Chinese authorities have arrested 63 suspects in connection with an underground online sports betting ring. According to local news reports, the gang in charge of the illegal gambling ring handled more than 3 billion yuan in connection to an overseas gambling website identified only as “Redfoot I.”
The investigation reportedly began in response to complaints received in April from the public accusing other people of participating in online gambling. The Ningbo City Police opened an investigation and discovered a massive underground online sports betting operation.
During the course of their investigation, police reportedly used forensic techniques to identify crimes committed and to understand the betting ring’s basic structure. Police raided the gambling ring in July and arrested 38 people on the spot, including “14 key personnel.” A total of 63 people have been arrested as of today, and 10 more suspects are still at large.
The news site that first reported on the arrests describes how one suspect got himself and his brother in trouble. This anecdote also illustrates the basic manner in which the sports betting ring operated:
A suspect named Hu Mou knew his brother would be interested in betting during the World Cup and put him in contact with a third party via WeChat. The other suspect then gave Hu Mou’s brother an account name and password on an offshore betting site allowing him to bet on upcoming World Cup matches.
Hu Mou’s brother allegedly wagered a total of 30,437 yuan between 17 June and 2 July of this year. Payments were also reportedly made via WeChat transfer.
As CalvinAyre.com explained today, it appears the gambling ring operated on a standard agent basis. That is, agents on the ground signed up gamblers, collected sports betting payments and issued winnings. Customers in turn were directed to visit an offshore gambling website to log in and place their bets.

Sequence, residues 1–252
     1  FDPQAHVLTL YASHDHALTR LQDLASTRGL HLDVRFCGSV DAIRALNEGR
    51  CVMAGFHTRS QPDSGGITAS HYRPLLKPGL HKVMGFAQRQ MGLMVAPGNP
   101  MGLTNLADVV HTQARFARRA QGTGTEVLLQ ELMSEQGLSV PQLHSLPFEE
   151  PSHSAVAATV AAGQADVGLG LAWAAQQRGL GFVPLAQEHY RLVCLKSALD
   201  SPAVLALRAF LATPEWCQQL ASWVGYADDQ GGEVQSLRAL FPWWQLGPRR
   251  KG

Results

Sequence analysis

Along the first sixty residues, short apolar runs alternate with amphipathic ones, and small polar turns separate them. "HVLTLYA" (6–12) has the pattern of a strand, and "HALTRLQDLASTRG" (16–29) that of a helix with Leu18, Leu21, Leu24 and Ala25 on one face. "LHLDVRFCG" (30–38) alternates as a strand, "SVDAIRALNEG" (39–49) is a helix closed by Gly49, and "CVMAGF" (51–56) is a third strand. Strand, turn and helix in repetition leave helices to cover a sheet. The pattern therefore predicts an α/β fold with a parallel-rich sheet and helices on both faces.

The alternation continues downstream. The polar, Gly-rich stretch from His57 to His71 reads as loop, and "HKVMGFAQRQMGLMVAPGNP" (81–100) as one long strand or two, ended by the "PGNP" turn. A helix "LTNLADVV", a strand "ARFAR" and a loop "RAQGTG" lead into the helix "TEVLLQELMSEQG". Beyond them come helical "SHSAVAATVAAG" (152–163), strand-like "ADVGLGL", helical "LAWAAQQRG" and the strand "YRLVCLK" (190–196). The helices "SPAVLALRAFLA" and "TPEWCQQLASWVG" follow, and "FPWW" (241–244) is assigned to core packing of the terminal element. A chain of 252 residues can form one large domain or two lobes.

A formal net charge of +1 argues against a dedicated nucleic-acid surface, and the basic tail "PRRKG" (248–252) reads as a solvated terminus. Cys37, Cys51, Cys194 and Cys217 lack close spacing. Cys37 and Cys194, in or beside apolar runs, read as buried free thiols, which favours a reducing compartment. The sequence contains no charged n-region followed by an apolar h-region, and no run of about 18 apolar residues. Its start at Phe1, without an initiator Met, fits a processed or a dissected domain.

China Continues Gambling Crackdown
Chinese betting sites are illegal under local law and as today’s news story shows, authorities are serious about putting an end to the activity. Players, operators and everyone in between face legal consequences when gambling in China.
Interestingly, a handful of large, international gambling sites still accept customers from China and have done so for years. These sites never step foot on Chinese soil, however, and can operate from a safe distance. The Great Chinese Firewall does attempt to block access to international operators, but to mixed results.
The biggest risk seems to come from dealing with locally-operated betting sites that employ people actually located in China to sign up new customers, collect payments and pay winners. Local betting sites may offer face-to-face service and extend credit to gamblers, but they are liable to be targeted by authorities.
In any case, China is still intent on stopping online betting no matter who’s involved. Just over two weeks ago, Chinese authorities successfully pressured Apple into removing 25,000 apps from the App Store for a variety of offenses, including gambling.
China has also sought to eliminate VPN apps that allow users to disguise their locations in order to access forbidden content such as gambling.
WeChat has been a particularly troublesome app when it comes online gambling in China. With WeChat boasting more than 768 million users, Chinese authorities have not moved to ban the app outright. However, WeChat did reportedly close more than 8,000 gambling-related WeChat groups in the second quarter of 2018 alone. That’s in addition to the 50,000 accounts WeChat deleted for being associated with 2018 World Cup betting.
Widespread sports betting in China goes to show that even with a robust firewall system in place and a strong anti-gambling stance, prohibitions produce mixed results at best. While there are occasionally reports that China may be considering legalization, the odds of any major changes in Chinese gambling law appear quite low for the foreseeable future.